It’s fall term. Do you know what this means? It means I’ll spend the next 12 weeks teaching Scientific Communication to a bunch of students, and thinking a lot about how to communicate efficiently. The first exercise we’ve done was to find an important figure, and discuss, in four slides and four minutes, how it changed the way we thought about science. It was interesting, because it helped me establish a baseline for the class (before approaching presentations in a more formal way), and also evaluate what each student will have to work on. And like the previous years, I think there are a few things that are easy to do, and would immediately improve presentations. Let’s dig in.
No default template. We’ve seen the default templates a lot. Starting with the defaul template is a good way to make slides that are not memorable. This is especially true when using beamer (whose default is ugly), but applies to all presentation software. Instead, start with an empty slide (or make your own template), and create something unique. The default templates usually lack negative space. They feel cramped, and it is difficult to see where elements start and end.
Care about fonts. If you don’t want to care about fonts, read the words of people who do. This link is a good introduction, and ends with solid recommendations for slides (my own presentation template is adapted from this page). Fonts are especially important, since many of us work on 4K / retina screens, with very high resolution. We then present on something with a much lower resolution, worse color range, and probably bad contrasts. Picking fonts that work reliably in bad conditions is useful (and banning serifs from your presentations is not a good practice).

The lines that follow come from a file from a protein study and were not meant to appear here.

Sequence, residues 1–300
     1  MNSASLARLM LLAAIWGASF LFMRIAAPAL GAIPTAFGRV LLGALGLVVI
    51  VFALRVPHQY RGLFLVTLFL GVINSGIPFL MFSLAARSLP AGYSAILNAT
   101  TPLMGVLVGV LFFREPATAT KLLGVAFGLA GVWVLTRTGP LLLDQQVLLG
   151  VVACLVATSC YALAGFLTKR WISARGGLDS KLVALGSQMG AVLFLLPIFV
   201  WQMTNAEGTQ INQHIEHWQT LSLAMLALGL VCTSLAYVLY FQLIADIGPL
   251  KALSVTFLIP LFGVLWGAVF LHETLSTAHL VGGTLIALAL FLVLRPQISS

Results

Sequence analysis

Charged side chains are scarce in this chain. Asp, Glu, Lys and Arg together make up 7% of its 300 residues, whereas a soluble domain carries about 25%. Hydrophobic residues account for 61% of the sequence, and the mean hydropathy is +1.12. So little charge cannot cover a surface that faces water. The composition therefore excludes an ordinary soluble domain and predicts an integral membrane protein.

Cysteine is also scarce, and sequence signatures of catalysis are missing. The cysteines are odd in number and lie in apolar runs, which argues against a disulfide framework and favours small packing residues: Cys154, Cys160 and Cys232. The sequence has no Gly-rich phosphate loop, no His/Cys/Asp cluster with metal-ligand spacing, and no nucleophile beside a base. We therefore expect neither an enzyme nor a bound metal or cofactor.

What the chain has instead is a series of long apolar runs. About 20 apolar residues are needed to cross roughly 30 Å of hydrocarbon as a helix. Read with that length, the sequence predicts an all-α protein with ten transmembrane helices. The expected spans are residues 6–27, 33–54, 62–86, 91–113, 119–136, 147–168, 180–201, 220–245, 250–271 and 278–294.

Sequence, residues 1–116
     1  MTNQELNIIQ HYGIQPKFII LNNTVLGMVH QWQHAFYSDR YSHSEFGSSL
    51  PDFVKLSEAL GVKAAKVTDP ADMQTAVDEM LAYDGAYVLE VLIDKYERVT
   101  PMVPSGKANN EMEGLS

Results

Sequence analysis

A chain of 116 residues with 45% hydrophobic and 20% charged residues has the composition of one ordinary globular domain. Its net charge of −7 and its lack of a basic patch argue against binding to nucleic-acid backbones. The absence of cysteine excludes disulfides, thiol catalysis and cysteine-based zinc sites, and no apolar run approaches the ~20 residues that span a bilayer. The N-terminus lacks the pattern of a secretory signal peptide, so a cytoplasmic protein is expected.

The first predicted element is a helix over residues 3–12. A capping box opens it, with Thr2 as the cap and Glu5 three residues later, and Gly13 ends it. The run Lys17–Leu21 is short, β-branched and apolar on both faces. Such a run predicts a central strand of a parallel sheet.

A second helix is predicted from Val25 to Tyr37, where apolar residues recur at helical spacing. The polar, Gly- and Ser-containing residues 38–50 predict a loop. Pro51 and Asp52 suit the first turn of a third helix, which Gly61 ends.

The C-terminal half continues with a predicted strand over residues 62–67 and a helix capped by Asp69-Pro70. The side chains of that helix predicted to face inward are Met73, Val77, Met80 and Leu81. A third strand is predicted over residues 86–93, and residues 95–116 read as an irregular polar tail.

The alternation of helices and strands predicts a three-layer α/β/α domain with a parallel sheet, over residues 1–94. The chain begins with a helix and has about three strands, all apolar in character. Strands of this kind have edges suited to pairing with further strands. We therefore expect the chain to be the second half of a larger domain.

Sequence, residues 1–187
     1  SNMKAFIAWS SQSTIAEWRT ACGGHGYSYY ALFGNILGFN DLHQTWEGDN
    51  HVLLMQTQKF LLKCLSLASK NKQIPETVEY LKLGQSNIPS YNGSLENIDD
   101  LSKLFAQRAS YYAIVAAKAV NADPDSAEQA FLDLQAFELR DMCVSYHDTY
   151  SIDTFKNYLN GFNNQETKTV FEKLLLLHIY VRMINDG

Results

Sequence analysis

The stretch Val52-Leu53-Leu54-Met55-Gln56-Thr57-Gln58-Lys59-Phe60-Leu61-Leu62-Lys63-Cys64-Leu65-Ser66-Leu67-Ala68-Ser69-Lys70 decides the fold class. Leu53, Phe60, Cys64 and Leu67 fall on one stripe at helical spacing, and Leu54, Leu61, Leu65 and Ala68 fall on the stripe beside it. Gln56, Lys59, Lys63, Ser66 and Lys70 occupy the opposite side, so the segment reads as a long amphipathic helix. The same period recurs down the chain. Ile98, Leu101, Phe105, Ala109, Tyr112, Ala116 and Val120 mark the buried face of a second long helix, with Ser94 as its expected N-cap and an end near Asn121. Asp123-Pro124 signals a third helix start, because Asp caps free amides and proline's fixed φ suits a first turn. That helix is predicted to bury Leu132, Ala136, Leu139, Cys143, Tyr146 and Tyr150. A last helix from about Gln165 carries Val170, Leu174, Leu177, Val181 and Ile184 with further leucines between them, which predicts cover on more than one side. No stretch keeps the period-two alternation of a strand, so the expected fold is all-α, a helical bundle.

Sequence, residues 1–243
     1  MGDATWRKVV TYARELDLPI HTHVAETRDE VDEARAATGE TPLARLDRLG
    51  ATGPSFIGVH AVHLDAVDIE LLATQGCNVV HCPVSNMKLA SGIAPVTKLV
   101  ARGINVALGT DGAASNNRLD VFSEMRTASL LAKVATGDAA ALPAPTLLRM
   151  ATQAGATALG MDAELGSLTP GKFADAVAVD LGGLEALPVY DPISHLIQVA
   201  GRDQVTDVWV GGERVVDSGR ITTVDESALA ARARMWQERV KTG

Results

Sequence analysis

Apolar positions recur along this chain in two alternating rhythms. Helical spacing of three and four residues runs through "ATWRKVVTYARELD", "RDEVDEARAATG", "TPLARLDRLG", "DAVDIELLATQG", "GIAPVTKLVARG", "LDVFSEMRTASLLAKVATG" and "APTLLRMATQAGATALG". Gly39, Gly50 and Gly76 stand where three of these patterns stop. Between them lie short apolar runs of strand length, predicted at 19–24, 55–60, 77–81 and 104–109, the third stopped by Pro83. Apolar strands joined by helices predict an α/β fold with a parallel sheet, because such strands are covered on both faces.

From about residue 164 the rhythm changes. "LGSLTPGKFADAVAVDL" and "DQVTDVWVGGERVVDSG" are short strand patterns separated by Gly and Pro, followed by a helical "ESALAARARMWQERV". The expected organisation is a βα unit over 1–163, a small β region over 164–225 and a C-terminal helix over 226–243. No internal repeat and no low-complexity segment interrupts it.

Do not prepare slides. Instead, prepare a talk. When the talk is done, think about the visuals needed to make your points. When I ask students to do it, they usually end up with much fewer slides (which are also much better). The alternative is to make slides, then figure out what to say for each slide. This is the best way to end up with stilted talks, and awkward transitions. And also too much slides with too much text.
Rebuild things, from scratch. Especially figures. A figure for a paper can have much more details, because there is no limit to the time readers will spend on it. A figure for a presentation will be on screen for less than a minute, and so it should have the least possible amount of information. Increase the labels size, make bigger points, and make sure the colors match. Speaking about colors…
It’s contrast, all the way down. My usual guideline is to use no more than three colors in a presentation (in addition to the background and foreground colors). These three colors should have maximum contrast, and be distinguishable to all people. Our short term memory cannot store a lot of information (between 4 and 7, depending on who you ask). Keeping the number of colors to a minimum, and making sure every color matches onto the same meaning every time, will help your audience.
There you have it. These five ideas boil down to less is more, and build things yourself. Visual support is here to support the audience (not the speaker!), and to do this, it should not introduce too much cognitive load. Make sure that what you offer is different enough from the default that we care, but simple enough that we can follow. There is more to making and giving presentations than these five tips, but I think they are aq good foundation for better slides.